Chapter 5.

Short Series and Long Series

Composing using a serialised method with a tone row that doesn’t use all of the 12 pitches is nothing new or ground breaking.  A few great examples of this can be heard in Ruth Crawford Seeger’s Diaphonic Suite No. 1 and her String Quartet 1931.  Stravinsky’s Septet also gives us an insight into how we can work with the serial method while using fewer than 12 tones.  So how would this work in tandem with TONL? We can approach this the same way that we did the rows of 12 pitches, but we need to be aware that with fewer pitches present it becomes much easier to get magnetically drawn to a key. This being said, it is all the more important to create a row that has few or if possible zero resemblance to a traditionally tonal construct.

For example:

D F C# D# G A G#

The potential for interesting material derived from the set above is plentiful.  Also, when we move into more diatonically based material it will contrast nicely and rather easily create different characters between the two.

If we take the viewpoint from the opposite extreme, we can create a tone row whereby all of the pitches when considered in their gestalt would make up a defined key.

For example a potential 7 note row could be:

B F# G# D C# A E

Although the row doesn’t leave us with much in the way of sounding like anything other than A major and its modal counterparts it does let us take a different perspective on TONL’s overall approach.  Where previously we started with a 12-tone row and found different ways to move away from it towards varying tonal centres, here we can find ways to move toward a more chromatic vocabulary.  By introducing contradictory tones and avoiding tonicising gestures interesting results can still be achieved.

The above passage sounds rather like a pandiatonic composition similar to material that one might encounter in the music of Milhaud, or Copland. 

In the next step I took my original row of 7 notes (which were purposely selected to fit within the key of A major) and introduced 2 more pitches (C natural and G natural).  The passage below demonstrates this method, which really still sounds rather tonal to the ear.  I tried to maintain the contour and texture of the original piece while intuitively changing certain notes to accommodate for our two new pitches added to our row.  We should notice that I didn’t re-write the row to include C and G, but rather kept my original row, and simply altered the previously composed material.  The results would be quite different if I ‘inserted’ the new pitches into the original 7-tone row instead of ‘tweaking’ the pandiatonic material from above.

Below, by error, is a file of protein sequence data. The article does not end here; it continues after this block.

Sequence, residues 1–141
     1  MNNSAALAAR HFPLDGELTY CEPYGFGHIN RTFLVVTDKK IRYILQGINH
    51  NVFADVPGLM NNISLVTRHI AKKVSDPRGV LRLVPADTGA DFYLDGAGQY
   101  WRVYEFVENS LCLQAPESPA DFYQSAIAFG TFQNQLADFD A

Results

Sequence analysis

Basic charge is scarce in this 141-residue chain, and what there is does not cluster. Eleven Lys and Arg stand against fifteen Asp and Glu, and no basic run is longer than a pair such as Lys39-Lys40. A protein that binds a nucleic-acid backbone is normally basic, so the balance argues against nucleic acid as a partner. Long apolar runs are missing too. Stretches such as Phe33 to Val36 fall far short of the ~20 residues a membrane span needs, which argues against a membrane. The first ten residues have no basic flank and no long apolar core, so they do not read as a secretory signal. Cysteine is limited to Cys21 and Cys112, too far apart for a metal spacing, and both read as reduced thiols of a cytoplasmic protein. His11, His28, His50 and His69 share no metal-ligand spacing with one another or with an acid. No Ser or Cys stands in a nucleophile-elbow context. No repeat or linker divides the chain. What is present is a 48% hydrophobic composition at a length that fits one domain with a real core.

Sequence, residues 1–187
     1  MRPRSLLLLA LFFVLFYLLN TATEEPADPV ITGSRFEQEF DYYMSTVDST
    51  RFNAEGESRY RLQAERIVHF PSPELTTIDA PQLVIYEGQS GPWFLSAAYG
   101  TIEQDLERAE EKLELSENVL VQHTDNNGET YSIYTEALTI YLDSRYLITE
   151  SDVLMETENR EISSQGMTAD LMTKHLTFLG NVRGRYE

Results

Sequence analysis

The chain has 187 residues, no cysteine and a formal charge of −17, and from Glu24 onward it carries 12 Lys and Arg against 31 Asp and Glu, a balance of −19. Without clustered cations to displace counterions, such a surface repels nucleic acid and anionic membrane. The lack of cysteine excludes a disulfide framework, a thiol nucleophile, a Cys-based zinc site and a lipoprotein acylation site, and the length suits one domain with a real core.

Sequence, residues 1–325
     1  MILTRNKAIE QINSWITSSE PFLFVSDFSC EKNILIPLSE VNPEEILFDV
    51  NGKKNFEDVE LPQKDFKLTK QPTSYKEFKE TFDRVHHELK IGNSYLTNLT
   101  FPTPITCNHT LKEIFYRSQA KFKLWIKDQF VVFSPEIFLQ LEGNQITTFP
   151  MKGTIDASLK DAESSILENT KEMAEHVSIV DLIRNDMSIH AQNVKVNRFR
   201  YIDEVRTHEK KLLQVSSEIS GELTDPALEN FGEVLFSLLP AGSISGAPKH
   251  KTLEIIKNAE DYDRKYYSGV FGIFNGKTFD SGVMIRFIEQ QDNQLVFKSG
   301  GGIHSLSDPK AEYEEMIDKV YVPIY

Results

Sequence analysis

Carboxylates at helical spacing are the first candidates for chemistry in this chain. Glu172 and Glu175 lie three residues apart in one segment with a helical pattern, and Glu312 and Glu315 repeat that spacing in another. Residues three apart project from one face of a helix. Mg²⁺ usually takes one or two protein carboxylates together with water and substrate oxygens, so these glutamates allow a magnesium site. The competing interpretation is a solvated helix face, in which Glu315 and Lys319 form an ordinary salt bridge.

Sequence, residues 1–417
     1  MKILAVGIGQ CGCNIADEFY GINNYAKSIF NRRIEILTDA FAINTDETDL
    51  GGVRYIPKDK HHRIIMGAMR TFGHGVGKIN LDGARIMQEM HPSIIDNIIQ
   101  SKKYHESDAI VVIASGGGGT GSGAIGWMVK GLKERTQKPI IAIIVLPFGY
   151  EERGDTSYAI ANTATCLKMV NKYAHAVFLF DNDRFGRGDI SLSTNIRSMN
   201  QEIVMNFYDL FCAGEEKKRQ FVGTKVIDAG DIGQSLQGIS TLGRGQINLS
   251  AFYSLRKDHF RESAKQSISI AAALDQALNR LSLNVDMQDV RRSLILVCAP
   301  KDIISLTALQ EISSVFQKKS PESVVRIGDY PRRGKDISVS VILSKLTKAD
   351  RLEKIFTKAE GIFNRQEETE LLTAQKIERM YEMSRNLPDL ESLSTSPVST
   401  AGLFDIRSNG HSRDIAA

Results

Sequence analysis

I continued again in the same fashion as the previous passage this time adding two more notes (F natural and D#).  The same intuitive approach was followed and the result is now a passage of material that teeters on the edge of aurally identifiable key centres.  We could examine this passage as we have previous ones and discover how these small additions and alterations to the pitches affect the impetus of the music, but really the most important thing to note is how the music sounds.  As we gradually add these chromatic pitches to what would be A major, the strength of the diatonic interval relationships weaken, and the pitches begin to take on an importance of their own.  This is largely what TONL helps to explore.  TONL is at once a systematisation of pitches while also being a method by which we can move away from this systematic organisation and discover new ways of approaching harmony, melody, and composition in general.

I composed another example that does something similar to the above method with one added caveat. This piece strictly follows the serialisation of the following tone-row:

C# B E A G F# D

Obviously this row fits into D major or B minor.  Extra care has to be taken so that we don’t inadvertently begin to sound like either of these keys.  With a bit of practise, you’ll be able to avoid the magnetism that the corresponding major and minor keys possess. 
The excerpt below shows another example utilising this same method, this time written for piano trio.


The first example places less emphasis on melody and focuses more on the harmonies possible from this tone-row.  The second excerpt is only a melody.  You’ll notice in both examples the notes D and B are carefully approached and left.  Also, any feelings of A resolving to D, or F# resolving to B are avoided where possible.  One could compose a similar piece with less dense harmonies while still adhering to the rules set forth in the basics of serialism. The resulting compositional method requires the composer to find innovative ways to generate dissonance and tension.